Ernest Johnson, Partner and Executive Managing Director at ApexOne Investment Partners
Q: How did you get your start in real estate?
A: I started out with a portfolio of student housing assets scattered across the country. I did that for a few years, then I moved into the industry flex space – suburban office development and leasing to broaden my skill set. Then I was hired by JMB Realty, who at the time was the largest commercial real estate investment firm in the world. I worked with them for 10 years, in Chicago and around the southeastern United States, as well as on the West Coast as a senior executive. I took advantage of an opportunity to move to Houston to be a partner in a management and servicing firm that later moved into the development and investment business. I left that firm in late 2011 to join ApexOne.
Q: What’s the history of ApexOne?
A: Jim Hearn started ApexOne with Bill Saul, David Steele, and Tim Burns in late 2010 with the goal of creating a very small investment company that was laser focused on one sector: multifamily. They anticipated the growing shelter crisis in the United States, which came to fruition during the pandemic. I joined as a partner in late 2011 and we’ve now acquired almost $3 billion dollars of assets, raised four successful funds, and we're about to launch our fifth.
Q: How do you divide up company responsibilities?
A: My primary focus is on investor relations – setting the strategies for the fund and raising the equity capital. Tim Burns, my partner, is our chief investment officer. He oversees the acquisition, asset management, and dispositions. Jim Hearn, who is also my partner, works with me in investor relations and oversees property acquisitions, dispositions, and reporting. But because we are an intentionally small company – we only have 13 employees – we all wear a lot of hats.
Q: To what do you attribute ApexOne’s impressive fundraising success in 2021?
A: I think the reason we were so successful in 2021 is that we did a hard stop in 2020 at the outbreak of COVID-19 to ask, “Okay, what the heck is going on here?” No one really knew. So, we looked at what we did know – and that was that whenever there's been a recession in the United States, multifamily apartments were always the last to suffer occupancy and value declines, but were the first to rebound during the ensuing economic recovery. There is a strong corollary between job growth and occupancy. When job growth slows down, occupancy tends to decline. But when jobs are being created, occupancy increases. We came to the conclusion that there were going to be opportunities to acquire high quality properties from distressed owners.
Q: What happened next?
A: We met with our team of economic advisors and key brokers to get their take on whether this theory was correct. They agreed, and the ApexOne Multifamily Special Situation Fund IV was formed. The fund focused on distressed sellers, not distressed properties. While other firms focused on office, retail, hospitality, and sectors which really took a beating because of the COVID lockdown, we found opportunities in the multifamily space. Of the 18 properties we acquired, 17 were true off-market or negotiated transactions where sellers with limited time to close were willing to sell at a discount to relieve the project of their personal financial stress. Word got out to the investment community and, instead of our $200 million goal, we raised $355 million. That’s about three times more than we raised for our previous funds, and we did it in a third of the time. We also had properties in other funds that had matured in the holding cycle and were ready to sell. All told, the firm completed 25 transactions in 2021.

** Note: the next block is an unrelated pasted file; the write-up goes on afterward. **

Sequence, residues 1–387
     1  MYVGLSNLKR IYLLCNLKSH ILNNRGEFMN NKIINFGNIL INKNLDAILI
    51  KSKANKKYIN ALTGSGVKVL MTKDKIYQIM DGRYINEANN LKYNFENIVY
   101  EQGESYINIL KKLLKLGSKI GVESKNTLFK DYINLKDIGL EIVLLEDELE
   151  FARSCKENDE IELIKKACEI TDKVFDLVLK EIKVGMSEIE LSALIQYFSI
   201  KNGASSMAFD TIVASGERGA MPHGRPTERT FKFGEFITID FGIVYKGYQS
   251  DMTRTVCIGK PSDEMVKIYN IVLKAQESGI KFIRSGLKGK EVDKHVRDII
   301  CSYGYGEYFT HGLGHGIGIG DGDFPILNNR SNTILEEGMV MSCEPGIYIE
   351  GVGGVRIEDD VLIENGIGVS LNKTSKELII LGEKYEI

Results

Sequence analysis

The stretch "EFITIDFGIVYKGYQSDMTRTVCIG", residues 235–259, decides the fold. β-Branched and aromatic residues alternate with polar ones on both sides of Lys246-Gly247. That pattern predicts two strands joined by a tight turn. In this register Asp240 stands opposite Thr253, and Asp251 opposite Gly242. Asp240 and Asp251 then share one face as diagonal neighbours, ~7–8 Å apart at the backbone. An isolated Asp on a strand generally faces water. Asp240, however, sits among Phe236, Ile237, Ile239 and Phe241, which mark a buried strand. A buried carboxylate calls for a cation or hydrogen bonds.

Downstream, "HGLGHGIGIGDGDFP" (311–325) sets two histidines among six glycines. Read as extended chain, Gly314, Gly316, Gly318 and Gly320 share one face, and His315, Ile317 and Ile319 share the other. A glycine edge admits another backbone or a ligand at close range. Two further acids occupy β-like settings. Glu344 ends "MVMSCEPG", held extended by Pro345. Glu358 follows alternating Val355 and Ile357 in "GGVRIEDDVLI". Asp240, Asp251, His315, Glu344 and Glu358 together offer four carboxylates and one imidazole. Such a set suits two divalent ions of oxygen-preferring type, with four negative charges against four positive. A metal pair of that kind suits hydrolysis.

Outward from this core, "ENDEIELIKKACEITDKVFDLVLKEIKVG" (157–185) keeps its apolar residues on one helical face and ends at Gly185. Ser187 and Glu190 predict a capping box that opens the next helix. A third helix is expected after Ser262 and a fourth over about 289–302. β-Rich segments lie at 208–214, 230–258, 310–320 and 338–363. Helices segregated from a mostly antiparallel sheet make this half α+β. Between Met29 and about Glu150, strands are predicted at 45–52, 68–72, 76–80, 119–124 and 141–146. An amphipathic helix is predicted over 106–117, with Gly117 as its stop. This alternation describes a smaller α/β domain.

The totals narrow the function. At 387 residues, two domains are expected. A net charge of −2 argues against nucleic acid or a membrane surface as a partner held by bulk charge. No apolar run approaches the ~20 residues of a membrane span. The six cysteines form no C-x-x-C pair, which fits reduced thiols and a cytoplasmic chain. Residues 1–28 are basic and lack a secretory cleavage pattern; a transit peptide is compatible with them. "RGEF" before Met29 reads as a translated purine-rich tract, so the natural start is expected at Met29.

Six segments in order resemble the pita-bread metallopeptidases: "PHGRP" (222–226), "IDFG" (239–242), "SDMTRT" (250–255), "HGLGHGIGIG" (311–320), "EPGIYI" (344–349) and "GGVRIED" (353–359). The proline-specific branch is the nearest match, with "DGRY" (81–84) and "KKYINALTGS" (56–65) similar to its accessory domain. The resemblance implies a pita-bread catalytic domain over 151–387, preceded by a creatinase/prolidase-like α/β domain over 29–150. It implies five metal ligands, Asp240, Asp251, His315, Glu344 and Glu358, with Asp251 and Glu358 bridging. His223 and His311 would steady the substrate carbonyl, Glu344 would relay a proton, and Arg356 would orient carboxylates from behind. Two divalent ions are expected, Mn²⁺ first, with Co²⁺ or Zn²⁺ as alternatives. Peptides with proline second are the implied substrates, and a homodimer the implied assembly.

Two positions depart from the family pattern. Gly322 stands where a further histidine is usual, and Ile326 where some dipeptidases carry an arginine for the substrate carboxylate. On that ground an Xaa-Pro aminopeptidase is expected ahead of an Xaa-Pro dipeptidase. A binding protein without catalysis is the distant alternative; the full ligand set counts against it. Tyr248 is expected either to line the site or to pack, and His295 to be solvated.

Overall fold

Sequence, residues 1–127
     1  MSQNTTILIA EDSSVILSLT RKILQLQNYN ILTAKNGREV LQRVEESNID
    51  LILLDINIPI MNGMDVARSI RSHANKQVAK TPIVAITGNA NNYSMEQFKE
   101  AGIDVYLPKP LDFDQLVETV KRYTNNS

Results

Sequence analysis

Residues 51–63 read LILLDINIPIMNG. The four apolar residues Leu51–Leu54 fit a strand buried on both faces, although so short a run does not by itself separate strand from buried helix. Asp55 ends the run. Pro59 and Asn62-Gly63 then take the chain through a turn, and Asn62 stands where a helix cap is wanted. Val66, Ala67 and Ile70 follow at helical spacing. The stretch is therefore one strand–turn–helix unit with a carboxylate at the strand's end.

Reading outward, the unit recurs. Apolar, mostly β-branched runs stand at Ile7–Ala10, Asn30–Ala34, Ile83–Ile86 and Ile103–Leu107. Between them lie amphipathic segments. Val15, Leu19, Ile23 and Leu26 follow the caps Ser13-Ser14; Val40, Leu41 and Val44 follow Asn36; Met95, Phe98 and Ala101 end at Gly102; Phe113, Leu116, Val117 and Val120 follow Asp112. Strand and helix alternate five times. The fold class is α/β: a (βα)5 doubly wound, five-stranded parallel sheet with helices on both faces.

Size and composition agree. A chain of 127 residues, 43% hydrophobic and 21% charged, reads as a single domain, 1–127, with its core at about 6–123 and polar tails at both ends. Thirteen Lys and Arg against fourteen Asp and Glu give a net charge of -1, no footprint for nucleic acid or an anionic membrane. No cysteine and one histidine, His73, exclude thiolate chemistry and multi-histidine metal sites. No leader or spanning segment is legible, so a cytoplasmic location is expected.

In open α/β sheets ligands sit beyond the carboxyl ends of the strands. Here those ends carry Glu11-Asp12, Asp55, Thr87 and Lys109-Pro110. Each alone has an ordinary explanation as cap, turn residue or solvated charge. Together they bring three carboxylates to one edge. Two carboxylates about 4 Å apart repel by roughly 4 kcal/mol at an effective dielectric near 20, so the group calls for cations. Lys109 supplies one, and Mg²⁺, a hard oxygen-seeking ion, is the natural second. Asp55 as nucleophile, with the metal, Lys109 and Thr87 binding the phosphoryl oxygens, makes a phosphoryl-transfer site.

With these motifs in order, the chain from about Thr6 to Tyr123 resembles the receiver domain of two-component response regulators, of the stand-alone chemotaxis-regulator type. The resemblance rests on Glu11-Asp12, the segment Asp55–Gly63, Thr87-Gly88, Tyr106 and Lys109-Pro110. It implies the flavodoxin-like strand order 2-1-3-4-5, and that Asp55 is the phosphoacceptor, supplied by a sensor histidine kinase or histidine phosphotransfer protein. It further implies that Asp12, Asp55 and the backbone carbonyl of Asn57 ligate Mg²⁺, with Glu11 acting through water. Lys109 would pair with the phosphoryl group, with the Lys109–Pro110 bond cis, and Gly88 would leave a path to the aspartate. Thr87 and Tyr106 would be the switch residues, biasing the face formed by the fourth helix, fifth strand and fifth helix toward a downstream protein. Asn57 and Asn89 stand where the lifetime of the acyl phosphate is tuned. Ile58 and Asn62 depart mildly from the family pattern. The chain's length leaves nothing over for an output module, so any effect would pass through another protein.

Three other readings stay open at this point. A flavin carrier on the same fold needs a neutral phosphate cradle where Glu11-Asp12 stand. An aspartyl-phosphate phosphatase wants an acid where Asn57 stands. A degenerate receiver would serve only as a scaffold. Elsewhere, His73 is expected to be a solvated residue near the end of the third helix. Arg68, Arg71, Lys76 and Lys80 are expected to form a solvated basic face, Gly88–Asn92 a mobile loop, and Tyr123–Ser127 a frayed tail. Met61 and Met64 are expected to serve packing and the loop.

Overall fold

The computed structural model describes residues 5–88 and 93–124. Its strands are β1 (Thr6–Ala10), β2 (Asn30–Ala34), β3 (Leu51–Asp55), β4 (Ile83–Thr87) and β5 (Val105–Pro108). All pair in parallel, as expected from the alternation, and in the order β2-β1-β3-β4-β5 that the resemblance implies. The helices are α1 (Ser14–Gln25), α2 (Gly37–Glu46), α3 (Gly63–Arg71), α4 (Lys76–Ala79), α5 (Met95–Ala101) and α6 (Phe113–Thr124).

Q: How has ApexOne benefited from partnering with Juniper Square?
A: When the multifamily housing market took off post-pandemic, things like staying in regular touch with investors and marketing the company were taking valuable time and effort away from raising capital and closing transactions. We searched for an administrative and investor relations management solution, but we found that most software vendors over-promised and under-delivered on what they could provide. Then we found Juniper Square. The platform was just what we needed to facilitate our processes so that we were able to get information out, bring investors in, and keep them informed, which was critical to our success.
Q: What’s next for ApexOne?
A: For our next fund, we're again discussing where the opportunities lie. We think there may be an opportunity to explore discussing the development side of the business. One of the byproducts of our Special Situation Fund was that we met a lot of developers that had distressed situations and we were able to bail them out – in a gentlemanly and gentlewomanly way. We didn't try to take advantage of their situation. We knew the return expectation that we wanted to hit for our investors. We knew the situation the developers were in. We reached agreements that worked for both parties. Several of the sellers have come back to us now and asked, “Would you all like to be my new equity partner in development projects?” and we said, ‘YES!’ We’ve set a tentative goal between $350 million and $500 million. We will be working with some of the best developers in the country, and we currently have several projects we’re underwriting and a few under contract or letter-of-intent.
ApexOne was listed as one of the top fundraisers in 2021 using Juniper Square's Digital Subscriptions feature. Check out more winners here.